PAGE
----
With Manong Mar

The listening tour team enjoys fellowship with Manong Mar Apilado, Senior Consultant for PBCI, in San Fernando, La Union.


On the morning of Tuesday the 10th we were back on the bus, heading for San Fernando, La Union. In San Fernando we had lunch with PBCI’s Senior Consultant Dr. Mariano C. Apilado “Manong Mar.” We told him about our meetings in Bangued the previous day, and he commended the new relationships we had forged. “Dann is both a visionary and a worker,” Manong Mar observed, “There are not many like that.” Twinkle agreed. She said that it was Kuya Dann and PBCI who inspired her vision of PAR Kalinga.

Kuya Dann told Manong Mar about the involvement of Twinkle’s family in PAR Kalinga. Her mother, aunts, grandmother, and cousins have all thrown themselves into this project “as if this is their articulated dream.” At this, Manong Mar’s eyes brightened. He was excited by the idea of an entire extended family network animated by the same mission. “But,” he said, “in fairness to Twinkle, I think her vision and passion were there all along.” It only required Kuya Dann’s and PBCI’s prompting and directing “and then all this stuff blooms up.”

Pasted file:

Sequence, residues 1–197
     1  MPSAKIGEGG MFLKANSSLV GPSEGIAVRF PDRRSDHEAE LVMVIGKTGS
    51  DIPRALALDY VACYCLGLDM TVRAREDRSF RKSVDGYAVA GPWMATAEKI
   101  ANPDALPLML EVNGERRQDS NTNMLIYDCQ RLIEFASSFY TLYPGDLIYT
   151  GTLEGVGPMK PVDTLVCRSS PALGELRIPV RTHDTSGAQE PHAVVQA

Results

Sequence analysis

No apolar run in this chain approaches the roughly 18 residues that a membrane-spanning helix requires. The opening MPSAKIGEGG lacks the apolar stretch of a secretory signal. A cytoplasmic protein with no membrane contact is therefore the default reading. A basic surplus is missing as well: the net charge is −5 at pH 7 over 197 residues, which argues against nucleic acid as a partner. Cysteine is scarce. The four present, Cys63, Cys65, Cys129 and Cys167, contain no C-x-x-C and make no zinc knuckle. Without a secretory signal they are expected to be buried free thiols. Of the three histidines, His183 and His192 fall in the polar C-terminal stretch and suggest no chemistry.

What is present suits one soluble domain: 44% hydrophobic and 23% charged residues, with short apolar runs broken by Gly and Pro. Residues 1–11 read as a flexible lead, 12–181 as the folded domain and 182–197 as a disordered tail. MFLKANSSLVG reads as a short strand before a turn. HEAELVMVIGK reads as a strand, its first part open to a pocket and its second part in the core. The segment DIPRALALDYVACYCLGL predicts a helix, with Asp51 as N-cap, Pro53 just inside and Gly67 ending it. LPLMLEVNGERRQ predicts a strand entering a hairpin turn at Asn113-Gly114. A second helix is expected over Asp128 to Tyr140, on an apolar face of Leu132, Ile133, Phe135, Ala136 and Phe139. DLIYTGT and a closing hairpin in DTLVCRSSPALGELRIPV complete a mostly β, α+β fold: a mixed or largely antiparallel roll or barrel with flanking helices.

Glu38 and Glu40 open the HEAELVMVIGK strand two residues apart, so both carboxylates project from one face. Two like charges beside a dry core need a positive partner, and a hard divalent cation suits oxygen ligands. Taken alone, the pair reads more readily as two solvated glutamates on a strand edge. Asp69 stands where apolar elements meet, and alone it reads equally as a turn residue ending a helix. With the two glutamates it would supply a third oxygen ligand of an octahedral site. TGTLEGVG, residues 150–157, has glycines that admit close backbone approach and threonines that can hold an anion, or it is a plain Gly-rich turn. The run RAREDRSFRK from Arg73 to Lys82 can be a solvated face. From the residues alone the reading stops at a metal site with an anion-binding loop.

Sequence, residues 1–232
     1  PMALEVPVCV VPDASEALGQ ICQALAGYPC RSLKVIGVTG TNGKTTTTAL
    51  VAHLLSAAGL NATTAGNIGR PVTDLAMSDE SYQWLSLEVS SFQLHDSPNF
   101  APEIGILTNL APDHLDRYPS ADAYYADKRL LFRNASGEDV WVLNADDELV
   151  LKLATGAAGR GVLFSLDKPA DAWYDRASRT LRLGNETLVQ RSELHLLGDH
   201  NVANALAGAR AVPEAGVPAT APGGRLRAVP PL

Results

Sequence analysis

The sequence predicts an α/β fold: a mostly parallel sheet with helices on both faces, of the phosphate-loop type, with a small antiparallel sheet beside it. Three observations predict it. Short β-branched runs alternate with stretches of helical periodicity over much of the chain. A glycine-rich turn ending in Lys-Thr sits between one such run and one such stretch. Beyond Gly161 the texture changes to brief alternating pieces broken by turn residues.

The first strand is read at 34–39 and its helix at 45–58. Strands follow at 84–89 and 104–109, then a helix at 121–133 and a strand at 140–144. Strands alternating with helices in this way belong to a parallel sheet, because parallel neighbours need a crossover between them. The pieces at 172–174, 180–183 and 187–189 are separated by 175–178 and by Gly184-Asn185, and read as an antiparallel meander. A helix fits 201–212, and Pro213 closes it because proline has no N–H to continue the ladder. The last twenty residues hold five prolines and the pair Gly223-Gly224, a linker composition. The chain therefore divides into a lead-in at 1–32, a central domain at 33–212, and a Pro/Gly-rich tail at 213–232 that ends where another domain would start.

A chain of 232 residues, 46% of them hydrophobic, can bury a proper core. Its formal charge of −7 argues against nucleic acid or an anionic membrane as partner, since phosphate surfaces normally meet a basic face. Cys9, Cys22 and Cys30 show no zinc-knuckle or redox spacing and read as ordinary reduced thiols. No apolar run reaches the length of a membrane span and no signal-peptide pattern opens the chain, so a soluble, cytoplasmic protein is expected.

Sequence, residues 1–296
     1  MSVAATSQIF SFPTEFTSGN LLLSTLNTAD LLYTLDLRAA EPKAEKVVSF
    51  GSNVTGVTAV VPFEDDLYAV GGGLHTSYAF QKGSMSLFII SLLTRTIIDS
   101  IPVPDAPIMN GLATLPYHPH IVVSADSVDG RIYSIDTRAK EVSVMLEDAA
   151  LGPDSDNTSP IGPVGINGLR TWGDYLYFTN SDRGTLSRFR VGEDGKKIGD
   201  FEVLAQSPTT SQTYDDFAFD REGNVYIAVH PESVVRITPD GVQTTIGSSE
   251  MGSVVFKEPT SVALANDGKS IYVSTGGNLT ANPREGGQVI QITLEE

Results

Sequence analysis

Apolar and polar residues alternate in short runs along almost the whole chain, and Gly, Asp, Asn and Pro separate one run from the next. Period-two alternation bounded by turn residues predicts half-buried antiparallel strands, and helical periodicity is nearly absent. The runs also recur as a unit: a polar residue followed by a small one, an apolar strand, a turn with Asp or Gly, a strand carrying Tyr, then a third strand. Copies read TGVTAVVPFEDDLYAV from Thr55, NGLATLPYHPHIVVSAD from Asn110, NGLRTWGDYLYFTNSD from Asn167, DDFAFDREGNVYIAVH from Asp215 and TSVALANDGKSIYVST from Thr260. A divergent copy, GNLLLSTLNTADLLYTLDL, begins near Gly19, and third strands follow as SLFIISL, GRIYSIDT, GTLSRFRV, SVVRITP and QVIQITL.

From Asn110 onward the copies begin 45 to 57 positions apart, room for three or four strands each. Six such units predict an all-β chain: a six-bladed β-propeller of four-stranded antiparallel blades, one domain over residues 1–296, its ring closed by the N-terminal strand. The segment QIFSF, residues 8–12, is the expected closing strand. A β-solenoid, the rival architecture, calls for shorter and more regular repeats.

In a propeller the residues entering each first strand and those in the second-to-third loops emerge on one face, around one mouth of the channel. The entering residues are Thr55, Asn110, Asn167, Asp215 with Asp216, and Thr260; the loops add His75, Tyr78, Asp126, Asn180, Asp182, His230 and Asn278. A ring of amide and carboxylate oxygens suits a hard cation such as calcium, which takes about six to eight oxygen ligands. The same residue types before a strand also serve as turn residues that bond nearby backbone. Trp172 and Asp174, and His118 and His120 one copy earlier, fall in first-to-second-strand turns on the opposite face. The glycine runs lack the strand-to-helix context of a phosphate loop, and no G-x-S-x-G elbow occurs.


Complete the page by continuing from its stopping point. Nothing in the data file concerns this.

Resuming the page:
After bidding our fond farewells to Manong Mar, we took the bus to Baguio City, where we spent another night at the Baguio Village Inn. The next day, Wednesday the 11th, we interviewed a young attorney in the service of the provincial government. After specifying that his opinions were his alone, and that he did not speak for his office, he told us of the Cordillera Region’s urgent need for autonomy.

So many bills (said this public servant) that are coming from the government are not relevant to the Cordillera. The framers of the policies of the federal government are from regions very different from the Cordillera. They frame the laws based on their situations and never consider the particular needs of the Cordillerans. For this reason, concerned Cordillerans like our interviewee want more self-rule, and in particular they want control of the rights to the region’s natural resources.

Under the status quo, the national corporations that harvest the Cordillera Region’s timber and minerals pay taxes on their enormous profits to the district where their main offices are located – in Makati City, far from the Cordilleras. Cordillerans want this money so that they can improve infrastructure in their territory, and so that they can govern themselves. But our source stressed that he and His Cordilleran brethren do not want to be separated from the Philippine state; they want the president to be their president. Still, they want the policies that govern them to be designed by them, to ensure that these laws will promote the well-being of Cordillerans.

The story of our listening journey through the Cordilleras continues in Part 3.

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